I am having a major problem with a really simple File I/O operation. I have a pretty simple datafile filled with a list of names and courses.

Happy Singing
Dopey Dancing
Sneezy Etiquette
Slimey Math
Grumpy Mining
Slinky Karate
Happy Mining
Dopey Mining
Doc Singing
Doc Math
Doc Medicine
Grumpy Medicine
Sleazy Karate
Stringbean Dancing
Stinky Etiquette
Stinky Dancing
Stinky Math
Silly Minging
Sleepy Karate
Sleazy Mining
Sleepy Dancing
Bashful Dancing
Bashful Singing
Grumpy Etiquette
Stringbean Writing
Dopey Writing
Doc Writing
Bashful Karate
Sneezy Medicine
Sneezy Math
Sneezy SinginG
Stinky Mining
Sloppy Etiquette
Slimy Writing
Sloppy Karate
Sloppy Math

I am trying to read the name and the course into a large MultiLinkedList. However, for some reason the data is getting corrupted between the file reading and then the input into the program. This is what the file reading operation is producing for output when I decided to do a dump of the input into a output during debugging.

happy singing਍ 搀漀瀀攀礀ഀ
dancing ਍猀渀攀攀稀礀 攀琀椀焀甀攀琀琀攀ഀ
 slimey਍洀愀琀栀 ഀ
grumpy mining਍ 猀氀椀渀欀礀ഀ
karate ਍栀愀瀀瀀礀 洀椀渀椀渀最ഀ
 dopey਍洀椀渀椀渀最 ഀ
doc singing਍ 搀漀挀ഀ
math ਍搀漀挀 洀攀搀椀挀椀渀攀ഀ
 grumpy਍洀攀搀椀挀椀渀攀 ഀ
sleazy karate਍ 猀琀爀椀渀最戀攀愀渀ഀ
dancing ਍猀琀椀渀欀礀 攀琀椀焀甀攀琀琀攀ഀ
 stinky਍搀愀渀挀椀渀最 ഀ
stinky math਍ 猀椀氀氀礀ഀ
minging ਍猀氀攀攀瀀礀 欀愀爀愀琀攀ഀ
 sleazy਍洀椀渀椀渀最 ഀ
sleepy dancing਍ 戀愀猀栀昀甀氀ഀ
dancing ਍戀愀猀栀昀甀氀 猀椀渀最椀渀最ഀ
 grumpy਍攀琀椀焀甀攀琀琀攀 ഀ
stringbean writing਍ 搀漀瀀攀礀ഀ
writing ਍搀漀挀 眀爀椀琀椀渀最ഀ
 bashful਍欀愀爀愀琀攀 ഀ
sneezy medicine਍ 猀渀攀攀稀礀ഀ
math ਍猀渀攀攀稀礀 猀椀渀最椀渀最ഀ
 stinky਍洀椀渀椀渀最 ഀ
sloppy etiquette਍ 猀氀椀洀礀ഀ
writing ਍猀氀漀瀀瀀礀 欀愀爀愀琀攀ഀ
 sloppy਍洀愀琀栀 猀氀漀瀀瀀礀ഀ

Obviously this is entirely throwing the data structure completely out whack as it has no way for handling borked input like that. Here is the entire file read operation, it is really simple...

ifstream fin("students.txt");
	ofstream fout("students_out.txt");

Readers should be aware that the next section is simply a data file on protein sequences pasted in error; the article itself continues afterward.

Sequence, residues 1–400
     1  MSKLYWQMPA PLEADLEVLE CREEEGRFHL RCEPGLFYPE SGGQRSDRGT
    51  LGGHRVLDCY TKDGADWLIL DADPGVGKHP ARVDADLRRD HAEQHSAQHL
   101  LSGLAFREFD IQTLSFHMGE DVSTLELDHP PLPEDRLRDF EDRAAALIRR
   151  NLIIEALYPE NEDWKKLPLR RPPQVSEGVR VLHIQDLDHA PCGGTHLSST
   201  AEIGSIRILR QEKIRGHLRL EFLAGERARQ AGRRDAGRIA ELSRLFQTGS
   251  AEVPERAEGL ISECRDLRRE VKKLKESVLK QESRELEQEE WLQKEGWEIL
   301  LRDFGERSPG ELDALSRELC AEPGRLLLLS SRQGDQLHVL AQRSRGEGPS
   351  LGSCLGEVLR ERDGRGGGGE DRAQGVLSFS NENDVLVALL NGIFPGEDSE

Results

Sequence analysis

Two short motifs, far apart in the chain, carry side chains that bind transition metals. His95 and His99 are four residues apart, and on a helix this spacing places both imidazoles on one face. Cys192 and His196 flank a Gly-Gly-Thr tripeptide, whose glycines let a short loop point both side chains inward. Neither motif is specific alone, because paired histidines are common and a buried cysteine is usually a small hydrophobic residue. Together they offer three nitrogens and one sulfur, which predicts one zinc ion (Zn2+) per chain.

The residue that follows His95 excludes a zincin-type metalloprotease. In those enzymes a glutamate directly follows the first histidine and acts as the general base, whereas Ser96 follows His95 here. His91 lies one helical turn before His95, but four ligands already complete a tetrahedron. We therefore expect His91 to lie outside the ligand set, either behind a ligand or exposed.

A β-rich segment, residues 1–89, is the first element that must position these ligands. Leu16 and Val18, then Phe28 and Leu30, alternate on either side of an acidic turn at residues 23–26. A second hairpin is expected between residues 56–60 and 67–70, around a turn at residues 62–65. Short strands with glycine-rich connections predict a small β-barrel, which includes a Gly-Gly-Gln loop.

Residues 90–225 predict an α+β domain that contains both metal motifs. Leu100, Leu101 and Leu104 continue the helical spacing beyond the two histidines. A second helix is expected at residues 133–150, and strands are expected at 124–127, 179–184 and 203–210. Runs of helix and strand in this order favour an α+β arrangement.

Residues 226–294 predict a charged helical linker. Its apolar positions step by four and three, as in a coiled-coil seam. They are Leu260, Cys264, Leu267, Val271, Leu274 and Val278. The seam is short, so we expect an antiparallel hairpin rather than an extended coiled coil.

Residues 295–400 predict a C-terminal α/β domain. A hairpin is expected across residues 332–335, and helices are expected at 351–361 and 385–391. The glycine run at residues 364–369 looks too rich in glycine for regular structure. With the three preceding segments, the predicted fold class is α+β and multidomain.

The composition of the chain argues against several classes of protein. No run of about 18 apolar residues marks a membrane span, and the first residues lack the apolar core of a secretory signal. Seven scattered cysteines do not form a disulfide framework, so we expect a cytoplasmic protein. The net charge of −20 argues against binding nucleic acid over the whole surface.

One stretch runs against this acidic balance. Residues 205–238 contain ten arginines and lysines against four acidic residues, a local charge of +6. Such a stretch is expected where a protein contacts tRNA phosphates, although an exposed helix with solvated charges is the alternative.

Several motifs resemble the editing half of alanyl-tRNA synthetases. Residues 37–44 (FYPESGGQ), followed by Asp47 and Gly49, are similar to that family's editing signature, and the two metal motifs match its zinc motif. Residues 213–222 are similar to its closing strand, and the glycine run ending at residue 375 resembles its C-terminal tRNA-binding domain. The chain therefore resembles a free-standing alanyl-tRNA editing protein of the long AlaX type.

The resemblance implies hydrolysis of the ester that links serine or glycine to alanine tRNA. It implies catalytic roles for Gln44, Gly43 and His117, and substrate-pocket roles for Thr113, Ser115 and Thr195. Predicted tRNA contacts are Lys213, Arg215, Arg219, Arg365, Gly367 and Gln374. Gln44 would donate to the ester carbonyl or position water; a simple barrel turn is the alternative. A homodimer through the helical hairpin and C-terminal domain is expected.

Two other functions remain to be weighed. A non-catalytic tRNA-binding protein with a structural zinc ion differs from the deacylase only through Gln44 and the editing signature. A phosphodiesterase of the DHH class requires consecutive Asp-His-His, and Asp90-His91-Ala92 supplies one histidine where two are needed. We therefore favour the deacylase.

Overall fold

if(!fin)
	{
		cout << "[ERR] - Unable to open datafile for read operations. Exiting." << endl;
		exit(1);
	}

	while (!fin.eof())
	{
		fin >> name;
		fin >> course;
		strlow(name);
		strlow(course);

		// DEBUG //
		fout << name;
		fout << " ";
		fout << course;
		fout << endl;
		// DEBUG //

		schedule.insert(name, course);
	}

	fin.close();
	fout.close();

The code for strlow() does not appear to be the problem. But if anyone wants to see it, here it goes:

void strlow(string& value)
{
	for (unsigned int i = 0; i < value.length(); ++i)
	{
		value[i] = tolower(value[i]);
	}
}

Any assistance would be appreciated, as this is the last serious bug holding up my project. I know everything else works because I can manually enter all the data from the program. But that's rather useless.

output name and course before sending them to strlow to be sure they have been read in correctly. If not, can you read the file called students when you open it in a text editor? If not how is the file called students created?

output name and course before sending them to strlow to be sure they have been read in correctly. If not, can you read the file called students when you open it in a text editor? If not how is the file called students created?

I did a cout of the contents of name and course right after they are read in and it comes out with an extra space between each character. I can read the file students.txt when I open up the file through a text editor. I commented out strlow(string& value) as well to check to see if that was the issue, and it is not.

I don't know what was wrong with the file. But I decided to go and delete the file and replace it with another filled with the same data and the program is working perfectly.

Wierd.

That's wierd. There should be no spaces in a string read in with the >> operotor as any whitespace terminates the input into the variable.

I doubt it is the problem, but this:
while (!fin.eof())
is a bug waiting to bite you. Don't use the return value of eof() to control a loop. Change it to this:

while(fin >> name)
{
     fin >> course;

If necessary I'd create another file called practic.txt using a text editor and entering the following data directly into the practice.txt using the keyboard:
first course
second class
Then I'd save practice.txt to the same folder the program is in.
Then I'd run the program associating practice.txt with fin instead of students.txt and outputting the variables name and course as they are read in to see what happens. If they are read in correctly then it's likely students.txt is the problem.

Edit:: Good for you. See my other suggestion above.

Thanks for the suggestion Lerner. I will try it out in my spare time and see how it goes.

Also I am curious why is using the return value of eof() a bug waiting to happen?

This question has already been answered. Start a new discussion instead.